While implementation in Sudan had to be temporarily suspended due to the conflicts that broke out in Khartoum, the other four partners all managed to select suitable communities with whom they completed all seven steps of the Dialogue approach over the course of 2023. Partner communities comprised one rural and one urban community, a community of pastoralists and a community of internally displaced people living in a camp. Elman Peace Center produced this short film about implementing the Generation Dialogue approach:
In all these different contexts, the partners first held Community Consultations to learn about the quality of community members’ intergenerational relations and about their attitudes, including towards traditional practices such as FGM. Next, they invited 48 younger women and older women, as well as younger men and older men – the so-called Dialogue Champions – to take part in five weekly Dialogue sessions. At these sessions, younger and older Champions of the same gender carefully explored the two generations’ and genders’ lived experiences, their values and traditions, and whether and how these could be upheld in today’s world. Following these intensive exchanges, the Champions organised Public Meetings at which they presented their own commitments to constructive change (their ‘pledges’) as well as special requests to community leaders in which they asked them to undertake specific measures to support their efforts to end harmful practices. Finally, Community Consultations were held once more in all communities to assess whether attitudes and practices had changed.
In the Dialogue communities, social change processes are now underway
Following the Dialogues, fathers and grandfathers in one Ethiopian community publicly committed to no longer allow the practice of FGM in their households. The young men in the same community pledged to share their newly gained knowledge of the harmful consequences of FGM with their friends and peers.
In one of the communities in Somalia, the headmaster of the local school stated: ‘We now understand the devastating effects of FGM, not only on a physical level but also on a young girl’s self-worth. We pledge to incorporate discussions of the harm caused by FGM in the curriculum.’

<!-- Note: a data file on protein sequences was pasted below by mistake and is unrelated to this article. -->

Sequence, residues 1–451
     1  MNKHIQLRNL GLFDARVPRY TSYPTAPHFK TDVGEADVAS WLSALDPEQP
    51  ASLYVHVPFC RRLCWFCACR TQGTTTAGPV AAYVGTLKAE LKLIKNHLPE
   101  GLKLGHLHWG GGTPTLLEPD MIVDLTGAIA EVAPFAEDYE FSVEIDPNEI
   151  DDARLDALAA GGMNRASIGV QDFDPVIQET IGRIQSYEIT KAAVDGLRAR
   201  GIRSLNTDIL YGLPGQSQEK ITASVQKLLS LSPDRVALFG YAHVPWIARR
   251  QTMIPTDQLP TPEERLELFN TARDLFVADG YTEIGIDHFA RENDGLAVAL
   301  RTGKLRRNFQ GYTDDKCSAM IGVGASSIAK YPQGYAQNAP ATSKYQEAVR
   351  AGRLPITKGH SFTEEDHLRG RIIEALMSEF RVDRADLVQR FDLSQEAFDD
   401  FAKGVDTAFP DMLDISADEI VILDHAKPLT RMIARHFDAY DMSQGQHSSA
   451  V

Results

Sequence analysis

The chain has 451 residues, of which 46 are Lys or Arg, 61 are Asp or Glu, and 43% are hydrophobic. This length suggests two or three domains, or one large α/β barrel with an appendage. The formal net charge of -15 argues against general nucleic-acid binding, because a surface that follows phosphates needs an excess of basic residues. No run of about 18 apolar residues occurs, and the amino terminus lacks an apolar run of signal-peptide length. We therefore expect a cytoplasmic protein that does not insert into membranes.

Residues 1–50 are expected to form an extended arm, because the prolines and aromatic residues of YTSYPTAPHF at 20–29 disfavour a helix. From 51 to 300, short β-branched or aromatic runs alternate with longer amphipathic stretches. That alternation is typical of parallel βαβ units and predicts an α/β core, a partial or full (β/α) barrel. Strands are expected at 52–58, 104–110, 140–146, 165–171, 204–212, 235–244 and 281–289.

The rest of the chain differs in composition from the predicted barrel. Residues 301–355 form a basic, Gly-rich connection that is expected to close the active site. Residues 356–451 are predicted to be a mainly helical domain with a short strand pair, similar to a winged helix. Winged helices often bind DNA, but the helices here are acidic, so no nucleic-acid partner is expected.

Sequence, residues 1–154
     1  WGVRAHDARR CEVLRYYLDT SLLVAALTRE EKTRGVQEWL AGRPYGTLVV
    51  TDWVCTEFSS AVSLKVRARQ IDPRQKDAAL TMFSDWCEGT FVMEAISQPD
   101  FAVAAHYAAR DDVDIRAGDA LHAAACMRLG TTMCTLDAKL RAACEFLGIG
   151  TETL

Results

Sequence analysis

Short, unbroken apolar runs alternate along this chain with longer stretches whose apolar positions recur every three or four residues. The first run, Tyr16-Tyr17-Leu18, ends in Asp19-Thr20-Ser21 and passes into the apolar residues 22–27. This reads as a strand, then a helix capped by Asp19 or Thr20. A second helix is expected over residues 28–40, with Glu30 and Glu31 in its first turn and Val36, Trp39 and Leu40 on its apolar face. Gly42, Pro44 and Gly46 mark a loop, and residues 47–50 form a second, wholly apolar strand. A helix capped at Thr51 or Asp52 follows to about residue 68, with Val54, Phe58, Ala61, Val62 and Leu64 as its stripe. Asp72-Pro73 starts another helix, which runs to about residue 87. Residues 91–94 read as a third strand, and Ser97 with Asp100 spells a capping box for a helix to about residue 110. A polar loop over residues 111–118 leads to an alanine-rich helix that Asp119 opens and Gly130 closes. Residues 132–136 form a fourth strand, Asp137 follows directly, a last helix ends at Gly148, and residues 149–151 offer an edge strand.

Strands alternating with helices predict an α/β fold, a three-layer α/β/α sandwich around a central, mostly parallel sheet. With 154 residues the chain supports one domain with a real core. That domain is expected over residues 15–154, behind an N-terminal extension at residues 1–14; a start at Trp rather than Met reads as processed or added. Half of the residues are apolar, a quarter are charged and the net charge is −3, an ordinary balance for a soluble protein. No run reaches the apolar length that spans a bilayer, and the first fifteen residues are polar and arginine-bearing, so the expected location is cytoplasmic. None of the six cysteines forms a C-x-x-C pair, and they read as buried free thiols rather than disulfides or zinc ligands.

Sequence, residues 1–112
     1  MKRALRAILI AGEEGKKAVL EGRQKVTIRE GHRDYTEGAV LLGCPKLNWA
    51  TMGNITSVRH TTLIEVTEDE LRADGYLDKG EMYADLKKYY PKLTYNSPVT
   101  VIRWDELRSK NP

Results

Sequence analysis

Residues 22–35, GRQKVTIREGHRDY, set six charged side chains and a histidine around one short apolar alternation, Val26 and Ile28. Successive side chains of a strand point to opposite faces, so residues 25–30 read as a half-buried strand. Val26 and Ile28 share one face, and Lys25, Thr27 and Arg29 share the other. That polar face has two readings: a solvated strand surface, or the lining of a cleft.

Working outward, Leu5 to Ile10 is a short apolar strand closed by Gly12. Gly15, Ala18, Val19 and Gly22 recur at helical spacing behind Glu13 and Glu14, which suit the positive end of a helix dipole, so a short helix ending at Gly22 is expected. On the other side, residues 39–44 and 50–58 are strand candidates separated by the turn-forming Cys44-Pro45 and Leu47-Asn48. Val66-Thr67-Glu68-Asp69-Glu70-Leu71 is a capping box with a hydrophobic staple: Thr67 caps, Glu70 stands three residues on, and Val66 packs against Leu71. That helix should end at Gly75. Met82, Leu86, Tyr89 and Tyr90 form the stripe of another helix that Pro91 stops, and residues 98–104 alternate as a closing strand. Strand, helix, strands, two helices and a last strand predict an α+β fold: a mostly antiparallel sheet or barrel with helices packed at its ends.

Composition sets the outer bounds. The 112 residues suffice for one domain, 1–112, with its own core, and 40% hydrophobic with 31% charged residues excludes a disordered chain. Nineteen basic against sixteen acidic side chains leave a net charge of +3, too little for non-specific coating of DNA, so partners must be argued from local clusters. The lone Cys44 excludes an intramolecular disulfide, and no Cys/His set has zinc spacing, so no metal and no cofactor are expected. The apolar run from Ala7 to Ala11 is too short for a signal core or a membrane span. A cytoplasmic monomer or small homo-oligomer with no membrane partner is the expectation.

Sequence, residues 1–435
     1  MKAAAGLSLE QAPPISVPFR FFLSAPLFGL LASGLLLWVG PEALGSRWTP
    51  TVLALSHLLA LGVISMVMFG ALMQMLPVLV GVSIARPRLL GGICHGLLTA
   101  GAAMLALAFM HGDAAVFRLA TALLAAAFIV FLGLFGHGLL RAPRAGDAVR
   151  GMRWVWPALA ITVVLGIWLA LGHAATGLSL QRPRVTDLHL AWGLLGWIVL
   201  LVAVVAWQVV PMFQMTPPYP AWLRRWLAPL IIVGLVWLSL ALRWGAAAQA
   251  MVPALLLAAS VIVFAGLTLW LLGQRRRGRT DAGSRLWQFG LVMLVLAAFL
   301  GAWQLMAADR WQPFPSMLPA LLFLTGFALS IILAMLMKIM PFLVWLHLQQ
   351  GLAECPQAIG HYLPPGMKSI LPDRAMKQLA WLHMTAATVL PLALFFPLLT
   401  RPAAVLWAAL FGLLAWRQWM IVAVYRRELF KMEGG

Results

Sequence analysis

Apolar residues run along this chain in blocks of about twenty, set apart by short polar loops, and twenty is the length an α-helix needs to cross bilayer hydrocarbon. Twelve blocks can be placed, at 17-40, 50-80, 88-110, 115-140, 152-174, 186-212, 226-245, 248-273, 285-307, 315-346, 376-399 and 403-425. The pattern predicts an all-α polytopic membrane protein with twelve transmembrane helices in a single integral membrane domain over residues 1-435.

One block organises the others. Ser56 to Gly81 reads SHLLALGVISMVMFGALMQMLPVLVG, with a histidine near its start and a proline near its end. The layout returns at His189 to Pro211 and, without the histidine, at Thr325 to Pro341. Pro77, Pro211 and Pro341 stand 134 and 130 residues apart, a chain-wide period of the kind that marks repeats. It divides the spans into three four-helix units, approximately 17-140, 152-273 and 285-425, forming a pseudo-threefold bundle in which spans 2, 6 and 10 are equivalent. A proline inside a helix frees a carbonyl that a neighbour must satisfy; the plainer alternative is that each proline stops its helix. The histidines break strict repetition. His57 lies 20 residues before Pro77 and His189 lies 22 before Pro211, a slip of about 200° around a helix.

The older women in Somalia pledged to be available as mentors to girls and young women seeking more information about the risks and consequences of getting cut. And the young women promised to speak with other girls and young women who needed support in resisting the practice.
Partner responses are encouraging, yet the learning has only just begun
Looking back on the past two years, Hanna Lena Reich, the advisor responsible for the regional project, is proud that four local partners completed full Generation Dialogue processes with encouraging results and that they are keen to continue the work with this new approach: ‘I was surprised to see that in the local contexts, it was often the first time that people from different generations had a conversation. Their willingness to engage in discussions, especially talking about difficult and often sensitive issues, and the way they overcame differences, was very inspiring.’
The second phase of the regional project started in January 2024 and will continue to develop the capacities of its partner organisations to strengthen social change processes in the three countries. The project’s own learning will also continue, says Reich: ‘Our local partners are overseeing Dialogues and social change processes in quite different contexts. We look forward to finding out more about the effectiveness of the Dialogue approach depending on some of these contextual factors. Our learning has only just begun.’
Anna von Roenne,